Research and educational services provider John Wiley & Sons (NYSE:JW-A), (NYSE:JW.B) released fiscal fourth-quarter 2019 results on June 11. The quarter was representative of the company's efforts to expand beyond traditional professional and academic publishing into higher-octane growth areas in higher education. Below, we'll key in on details from the last three months and discuss management's expectations for the new fiscal year. Note that all comparative numbers in this article are presented against the prior-year quarter.
The raw numbers
|Metric||Q4 2019||Q4 2018||Change (YOY)|
|Revenue||$491.2 million||$477.3 million||2.9%|
|Net income||$63.2 million||$54.1 million||16.8%|
|Diluted earnings per share||$1.10||$0.93||18.3%|
What happened with Wiley this quarter?
- Research revenue was flat at $257.3 million on 0% growth in journal subscriptions, although the company did see expansion in its Open Access subscription product.
- Publishing revenue dipped 3% to $146.1 million. Declines in professional and educational publishing were partly offset by a 35% increase in test-preparation and certification-service revenue, which jumped to $11.3 million.
- The solutions segment's top line jumped 30% to $87.7 million. Excluding revenue from the $200 million acquisition of Learning House, a services provider for online program management, solutions revenue rose 3%.
- Wiley's ongoing productivity program yielded some fruit, as general and administrative expenses decreased by roughly $7 million to $246.2 million, despite the higher sales level.
- The more-efficient overhead spending absorbed a higher cost of sales and higher acquisition-related amortization expense. As a result, operating margin improved by 110 basis points to 16.3%.
- The company repurchased $25 million worth of its shares during the fourth quarter, bringing its full-year buyback total to $60 million.
- Wiley continued to expand its tech-enabled education alliances with universities, adding Northern Illinois University as a partner this quarter. Wiley Education Services added 29 new online certificate and degree programs during the period in areas including law, technology, business, and healthcare.
- After quarter-end on May 31, the organization purchased the assets of adaptive learning platform Knewton for an undisclosed amount. Management says the purchase will help it expand in the rapidly growing "high impact, low-cost courseware market."
As Wiley's traditional book publishing business has declined, the company has invested excess financial returns in areas such as professional assessment, test preparation, and other services in core disciplines that can be delivered online and via mobile devices. During the company's fourth-quarter earnings conference call, CEO Brian Napack observed that Wiley is anticipating top-line momentum after a very long while:
We see revenue growth accelerating in fiscal '20, '21, and '22 after several years of little to no growth. We're seeing strong growth in critical areas of the business, and we intend to build on this momentum. We've returned some businesses to growth in fiscal '19, most notably our test preparation and cross-knowledge businesses, and the professional assessment business is growing nicely.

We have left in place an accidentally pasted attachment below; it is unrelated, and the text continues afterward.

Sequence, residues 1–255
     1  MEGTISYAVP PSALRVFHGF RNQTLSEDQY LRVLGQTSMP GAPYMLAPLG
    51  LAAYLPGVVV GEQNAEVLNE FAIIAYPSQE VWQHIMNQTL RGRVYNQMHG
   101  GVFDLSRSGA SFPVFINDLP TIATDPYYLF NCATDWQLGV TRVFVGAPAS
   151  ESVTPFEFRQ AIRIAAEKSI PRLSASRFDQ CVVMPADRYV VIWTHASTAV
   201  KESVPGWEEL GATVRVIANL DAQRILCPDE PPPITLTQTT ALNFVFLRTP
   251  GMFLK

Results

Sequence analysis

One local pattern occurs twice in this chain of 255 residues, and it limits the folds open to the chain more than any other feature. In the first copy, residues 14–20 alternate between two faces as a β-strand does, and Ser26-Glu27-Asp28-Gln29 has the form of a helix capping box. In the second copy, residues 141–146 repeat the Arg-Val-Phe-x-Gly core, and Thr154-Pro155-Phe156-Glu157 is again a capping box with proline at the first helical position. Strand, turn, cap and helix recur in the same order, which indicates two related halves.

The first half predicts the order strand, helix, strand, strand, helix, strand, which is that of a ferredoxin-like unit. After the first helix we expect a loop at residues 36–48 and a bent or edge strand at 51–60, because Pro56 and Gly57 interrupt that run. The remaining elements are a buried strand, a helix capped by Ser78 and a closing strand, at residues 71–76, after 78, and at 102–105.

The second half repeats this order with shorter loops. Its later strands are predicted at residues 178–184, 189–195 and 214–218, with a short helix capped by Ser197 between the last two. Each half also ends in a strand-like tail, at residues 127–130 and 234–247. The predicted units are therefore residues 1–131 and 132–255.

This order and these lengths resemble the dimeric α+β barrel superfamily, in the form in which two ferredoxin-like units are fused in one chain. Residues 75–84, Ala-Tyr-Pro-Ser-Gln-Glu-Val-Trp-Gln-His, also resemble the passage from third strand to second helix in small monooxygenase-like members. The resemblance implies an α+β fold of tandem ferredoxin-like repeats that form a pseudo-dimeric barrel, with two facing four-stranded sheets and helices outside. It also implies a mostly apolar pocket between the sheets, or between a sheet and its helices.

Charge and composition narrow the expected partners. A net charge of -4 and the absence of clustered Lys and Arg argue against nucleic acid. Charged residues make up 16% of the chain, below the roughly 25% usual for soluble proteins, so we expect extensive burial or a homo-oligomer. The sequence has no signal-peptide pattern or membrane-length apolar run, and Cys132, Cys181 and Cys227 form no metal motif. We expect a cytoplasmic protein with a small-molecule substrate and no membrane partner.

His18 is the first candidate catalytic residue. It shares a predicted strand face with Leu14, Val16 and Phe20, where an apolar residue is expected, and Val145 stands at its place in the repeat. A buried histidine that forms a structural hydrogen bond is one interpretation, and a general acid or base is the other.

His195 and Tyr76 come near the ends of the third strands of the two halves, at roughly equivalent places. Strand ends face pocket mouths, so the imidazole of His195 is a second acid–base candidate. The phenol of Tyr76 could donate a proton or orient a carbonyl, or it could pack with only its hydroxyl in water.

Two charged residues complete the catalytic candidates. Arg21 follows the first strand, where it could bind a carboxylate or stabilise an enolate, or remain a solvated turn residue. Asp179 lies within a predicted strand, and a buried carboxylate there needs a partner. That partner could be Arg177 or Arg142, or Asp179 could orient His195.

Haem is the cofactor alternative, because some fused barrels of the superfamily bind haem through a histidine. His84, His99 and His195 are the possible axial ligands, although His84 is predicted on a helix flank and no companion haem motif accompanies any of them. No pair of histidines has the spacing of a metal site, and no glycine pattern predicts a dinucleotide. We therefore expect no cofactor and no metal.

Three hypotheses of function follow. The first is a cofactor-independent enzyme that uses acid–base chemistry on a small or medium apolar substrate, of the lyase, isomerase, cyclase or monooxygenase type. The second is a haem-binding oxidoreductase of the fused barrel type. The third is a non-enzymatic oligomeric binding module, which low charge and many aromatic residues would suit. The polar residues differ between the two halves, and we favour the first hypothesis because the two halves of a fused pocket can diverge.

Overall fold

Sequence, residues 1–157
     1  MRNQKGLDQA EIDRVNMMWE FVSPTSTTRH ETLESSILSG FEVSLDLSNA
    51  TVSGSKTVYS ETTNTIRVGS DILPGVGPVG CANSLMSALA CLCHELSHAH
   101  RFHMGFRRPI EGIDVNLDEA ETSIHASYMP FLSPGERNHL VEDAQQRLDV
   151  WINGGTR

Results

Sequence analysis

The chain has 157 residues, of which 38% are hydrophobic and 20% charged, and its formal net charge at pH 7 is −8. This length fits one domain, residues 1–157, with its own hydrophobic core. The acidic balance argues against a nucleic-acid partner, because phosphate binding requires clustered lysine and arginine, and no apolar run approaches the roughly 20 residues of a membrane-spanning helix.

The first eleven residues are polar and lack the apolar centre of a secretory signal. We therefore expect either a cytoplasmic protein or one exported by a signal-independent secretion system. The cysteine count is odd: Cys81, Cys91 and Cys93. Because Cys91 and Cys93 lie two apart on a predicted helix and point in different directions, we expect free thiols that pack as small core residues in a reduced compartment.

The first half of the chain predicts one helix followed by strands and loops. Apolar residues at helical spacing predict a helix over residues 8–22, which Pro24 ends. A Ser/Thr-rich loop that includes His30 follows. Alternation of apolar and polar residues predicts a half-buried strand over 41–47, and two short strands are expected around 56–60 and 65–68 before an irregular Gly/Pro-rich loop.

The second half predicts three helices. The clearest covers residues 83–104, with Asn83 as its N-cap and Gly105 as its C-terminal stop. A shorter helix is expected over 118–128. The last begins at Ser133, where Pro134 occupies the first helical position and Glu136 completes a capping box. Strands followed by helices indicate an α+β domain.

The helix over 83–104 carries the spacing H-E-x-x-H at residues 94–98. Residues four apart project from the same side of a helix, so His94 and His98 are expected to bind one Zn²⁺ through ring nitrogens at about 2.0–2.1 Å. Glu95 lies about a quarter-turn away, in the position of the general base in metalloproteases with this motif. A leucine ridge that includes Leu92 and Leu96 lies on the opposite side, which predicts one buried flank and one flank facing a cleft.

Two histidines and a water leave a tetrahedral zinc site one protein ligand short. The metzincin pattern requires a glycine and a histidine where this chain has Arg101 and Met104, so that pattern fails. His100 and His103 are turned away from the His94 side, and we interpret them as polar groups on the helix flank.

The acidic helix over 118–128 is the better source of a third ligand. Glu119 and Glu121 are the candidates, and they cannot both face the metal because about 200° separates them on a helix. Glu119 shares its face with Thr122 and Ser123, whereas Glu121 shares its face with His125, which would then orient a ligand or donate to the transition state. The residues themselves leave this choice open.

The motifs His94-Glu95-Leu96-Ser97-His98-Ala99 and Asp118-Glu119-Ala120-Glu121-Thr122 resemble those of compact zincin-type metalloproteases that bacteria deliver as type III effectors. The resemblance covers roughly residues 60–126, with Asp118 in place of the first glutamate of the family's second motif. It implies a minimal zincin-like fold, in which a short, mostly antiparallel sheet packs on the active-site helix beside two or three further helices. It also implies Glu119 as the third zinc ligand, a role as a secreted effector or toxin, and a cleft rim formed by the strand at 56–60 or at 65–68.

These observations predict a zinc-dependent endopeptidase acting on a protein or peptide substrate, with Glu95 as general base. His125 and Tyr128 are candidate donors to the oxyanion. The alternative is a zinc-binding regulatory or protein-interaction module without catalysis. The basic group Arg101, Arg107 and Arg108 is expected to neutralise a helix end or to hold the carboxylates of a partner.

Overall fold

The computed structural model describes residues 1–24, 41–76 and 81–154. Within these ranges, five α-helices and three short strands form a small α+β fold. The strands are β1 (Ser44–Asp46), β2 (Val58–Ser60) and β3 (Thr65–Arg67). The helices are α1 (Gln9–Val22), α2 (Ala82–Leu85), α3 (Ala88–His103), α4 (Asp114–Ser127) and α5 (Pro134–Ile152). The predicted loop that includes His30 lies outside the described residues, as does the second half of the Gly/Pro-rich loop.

How will this expected revenue ramp-up influence the company's bottom line? In conjunction with cost-cutting initiatives, the effect should be positive. But as Napack explained to investors, higher profitability won't be achieved immediately:
Our multiyear business optimization program is driving significant efficiency improvement and savings across Wiley. We expect gross savings over the three-year period to be approximately $100 million, although most of that will be reinvested to drive and sustain profitable revenue growth.
As part of this initiative, we will be recording a restructuring charge in the first quarter. To achieve our goals for revenue and profitability, we must invest in growth and optimization. Therefore, we will see an earnings dip in fiscal '20 before earnings growth returns in fiscal '21 and ramps up from there.
The company expects revenue of $1.84 billion to $1.87 billion in fiscal 2020, equivalent to a 3% improvement in the company's top line against fiscal 2019, at the midpoint of the range. Adjusted earnings per share are set to decline due to amortization expense associated with recent acquisitions (most prominently, Learning House) and, as alluded to above, the investments the company is making to boost profitability.
Thus, Wiley projects that the adjusted EPS of $2.96 earned in fiscal 2019 will drop to between $2.45 and $2.55 in fiscal 2020. Note, however, that this band does not include a projected restructuring charge of $15 million to $20 million in the first quarter of fiscal 2020 related to the company's ongoing business optimization program. Management should have a tighter full-year EPS projection available in the next reporting period.